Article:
Corresponding with Potential Employers

Corresponding with Potential Employers

10th June 2016   |   Paige Block

Whether it’s face-to-face or via email, communication in the workplace requires professional etiquette. This may sound like common sense, but many of us still struggle to present ourselves in the best light possible.

Read the Room

First and foremost, you should read the room.

Do a little research on any company you plan to apply to in order to understand the environment you could potentially work in.

Is it a corporate job with a large volume of employees where quick thinking, independence, and proficiency in specific skills will be valued above all? Or, is it a company that relies on interpersonal skills, teamwork and exceptional customer service?

Depending on the type of organization and the role you hope to have, you must adjust the way you conduct yourself in any correspondence to demonstrate that you can blend in seamlessly with that company. If you’re getting the vibe that adding a little personality would not give you a leg up, but rather distract or turn off your potential employer, just stick to your credentials and respond to the job listing (if available). Otherwise, my advice is to add a splash of individuality to help set you apart.

Sometimes your personality can be a real asset in the job search process.

Find the Balance

Showcasing your personality and passion in a cover letter can be a great way to make a first impression (for the right job), but it can be tricky to find the balance between professional and familiar discourse.

Be confident, but not cocky.
People are drawn to confidence. Employers are looking for someone driven and capable. They want to know that you can handle yourself and feel comfortable doing whatever your job demands, even in unfamiliar territory. Demonstrate your confidence and competence, but don’t be cocky. No one likes that.
No one.
There’s a line between asserting your capabilities and boasting about them.

Be friendly, but not familiar.
You want to demonstrate that you’re a real person behind the text, someone co-workers and colleagues can get along with, but you don’t want to give off the impression that you don’t understand boundaries. There’s a difference between being approachable and being bold or forward.

It can be useful to approach the drafting process as if you’re writing to yourself. It takes the pressure off and helps you draw out your personality if you’re struggling. However, when doing this, you must go back and edit out any instances where you’re too familiar or comfortable.

Last note on balance, I promise...
If you’re using humor, make sure it’s appropriate, relevant, and subtle. You want your potential employer to take you seriously. Humor should mostly be used to help underscore an employable trait rather than thrown in willy nilly. You also don’t want it to overpower the rest of your letter. If you choose to use humor, find little ways to incorporate it to hint at your personality, but stay focused on the task at hand: showcasing your employability.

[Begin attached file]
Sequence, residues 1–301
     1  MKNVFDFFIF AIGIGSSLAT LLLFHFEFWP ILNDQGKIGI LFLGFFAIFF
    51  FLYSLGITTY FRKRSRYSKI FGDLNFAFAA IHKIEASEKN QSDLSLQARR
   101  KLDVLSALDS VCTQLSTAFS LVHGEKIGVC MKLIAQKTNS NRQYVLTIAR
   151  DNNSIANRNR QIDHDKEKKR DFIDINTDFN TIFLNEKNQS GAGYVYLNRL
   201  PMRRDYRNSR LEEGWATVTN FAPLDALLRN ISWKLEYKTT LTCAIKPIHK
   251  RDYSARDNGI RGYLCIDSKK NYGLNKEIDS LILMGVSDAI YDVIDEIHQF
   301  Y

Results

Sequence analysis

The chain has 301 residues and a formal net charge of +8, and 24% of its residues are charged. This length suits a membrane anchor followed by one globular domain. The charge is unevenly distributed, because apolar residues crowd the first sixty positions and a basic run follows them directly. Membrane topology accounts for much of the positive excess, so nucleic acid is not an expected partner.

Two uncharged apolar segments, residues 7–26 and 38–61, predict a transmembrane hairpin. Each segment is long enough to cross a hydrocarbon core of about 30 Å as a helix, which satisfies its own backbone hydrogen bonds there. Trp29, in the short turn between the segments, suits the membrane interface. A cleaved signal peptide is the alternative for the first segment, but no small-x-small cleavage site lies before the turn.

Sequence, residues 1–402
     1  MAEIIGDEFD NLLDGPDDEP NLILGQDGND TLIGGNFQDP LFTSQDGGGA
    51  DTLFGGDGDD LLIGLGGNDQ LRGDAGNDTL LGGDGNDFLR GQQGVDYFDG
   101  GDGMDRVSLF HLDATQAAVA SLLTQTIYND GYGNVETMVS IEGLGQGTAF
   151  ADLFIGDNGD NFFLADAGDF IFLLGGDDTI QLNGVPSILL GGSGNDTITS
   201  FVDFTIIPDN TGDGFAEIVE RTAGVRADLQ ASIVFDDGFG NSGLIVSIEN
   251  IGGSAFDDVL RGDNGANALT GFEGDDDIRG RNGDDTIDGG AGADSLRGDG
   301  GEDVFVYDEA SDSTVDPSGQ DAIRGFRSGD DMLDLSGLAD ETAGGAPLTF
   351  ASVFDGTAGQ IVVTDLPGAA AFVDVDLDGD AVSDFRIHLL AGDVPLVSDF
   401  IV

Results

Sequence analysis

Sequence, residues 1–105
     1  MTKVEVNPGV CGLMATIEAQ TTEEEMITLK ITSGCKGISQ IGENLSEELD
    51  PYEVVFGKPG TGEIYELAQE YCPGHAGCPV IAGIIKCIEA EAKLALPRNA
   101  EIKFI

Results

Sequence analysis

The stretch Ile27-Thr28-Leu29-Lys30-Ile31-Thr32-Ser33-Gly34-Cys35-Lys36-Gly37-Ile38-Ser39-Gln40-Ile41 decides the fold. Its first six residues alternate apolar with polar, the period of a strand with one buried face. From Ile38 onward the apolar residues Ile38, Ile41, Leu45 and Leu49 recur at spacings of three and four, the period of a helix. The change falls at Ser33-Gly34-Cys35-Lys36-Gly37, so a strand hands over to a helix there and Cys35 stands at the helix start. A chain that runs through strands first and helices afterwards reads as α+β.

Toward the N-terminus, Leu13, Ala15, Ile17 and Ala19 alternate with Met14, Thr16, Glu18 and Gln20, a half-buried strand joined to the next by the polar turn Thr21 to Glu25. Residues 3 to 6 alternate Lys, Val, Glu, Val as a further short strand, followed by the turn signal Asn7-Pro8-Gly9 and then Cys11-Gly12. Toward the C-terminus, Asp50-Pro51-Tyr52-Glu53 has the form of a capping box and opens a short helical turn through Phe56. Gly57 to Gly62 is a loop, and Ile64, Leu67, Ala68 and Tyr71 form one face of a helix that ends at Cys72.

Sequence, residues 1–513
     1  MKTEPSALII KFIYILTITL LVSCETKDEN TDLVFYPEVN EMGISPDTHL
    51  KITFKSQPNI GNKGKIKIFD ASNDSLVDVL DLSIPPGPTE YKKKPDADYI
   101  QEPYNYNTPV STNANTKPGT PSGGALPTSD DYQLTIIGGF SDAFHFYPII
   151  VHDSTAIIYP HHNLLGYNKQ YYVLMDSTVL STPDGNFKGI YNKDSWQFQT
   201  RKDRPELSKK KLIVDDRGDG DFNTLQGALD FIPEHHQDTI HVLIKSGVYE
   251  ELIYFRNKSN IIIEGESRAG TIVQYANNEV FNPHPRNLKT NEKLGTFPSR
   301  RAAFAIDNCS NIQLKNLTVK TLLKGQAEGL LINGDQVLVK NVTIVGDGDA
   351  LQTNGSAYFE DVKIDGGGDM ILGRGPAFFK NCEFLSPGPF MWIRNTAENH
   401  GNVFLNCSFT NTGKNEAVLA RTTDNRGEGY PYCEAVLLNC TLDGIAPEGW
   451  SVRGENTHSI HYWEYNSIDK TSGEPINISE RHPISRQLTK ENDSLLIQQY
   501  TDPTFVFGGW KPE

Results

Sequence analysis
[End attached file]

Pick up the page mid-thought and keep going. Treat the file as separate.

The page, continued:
When in doubt, leave it out.

Stay, Don’t Stray

When corresponding with potential employers, be sure to keep your message focused and clear.

Sometimes adding an anecdote to your cover letter can be useful, either to showcase your personality or to demonstrate your experience with something (or sometimes in place of concrete experience), but it’s easy to get sidetracked or drag on when doing so.

Infusing bits of your personality and/or real life applications into your cover letters can be effective, but every word you compose should have a specific, tactile purpose for being there.

Be economic. Stay focused.

Mind Your Grammar

So you’ve sent out what you think is the perfect cover letter or email, but you keep getting rejected or ignored. What gives?

Sometimes it has nothing to do with your credentials and everything to do with your first impression. Cover letters and initial emails between you and your potential employer are like handshakes for the digital world.

You can’t take back your first impression; so make sure it’s exactly where you want it before sending.

Did you proofread carefully? Did you have another set of trusted eyes on it before sending it out? If you’re like me, you’ve accidentally sent out a less than perfect email at least once in your life.

It happens. Let’s learn from it.

Some common faux pas include grammar and spelling mistakes, poor and/or unclear sentence structure, and poor word choice. Be sure to check that you’re grammatically correct and that you sound intelligent. This doesn’t have to mean using fancy jargon. Use words that are naturally in your personal lexicon, but string them along in such a way that demonstrates confidence and intelligence.

I’m not kidding about that sentence structure, it can go a looong way.

This is why having multiple eyes on your work and reading it out loud are so important. Sometimes these little details are the root of your rejections. Find them, correct them, and flourish, my friends!

Tags: Job Search, In Work

Paige Block US Content Writer at Hashtag CV
Paige Block | US Content Writer @ Hashtag CV

Paige is a recent graduate from the University of Missouri where she got her degree in English. She is going through the job search process just like you and writing about her findings as she goes. When she’s not blogging about the working world, she’s hanging out with her niece and daydreaming about travel.


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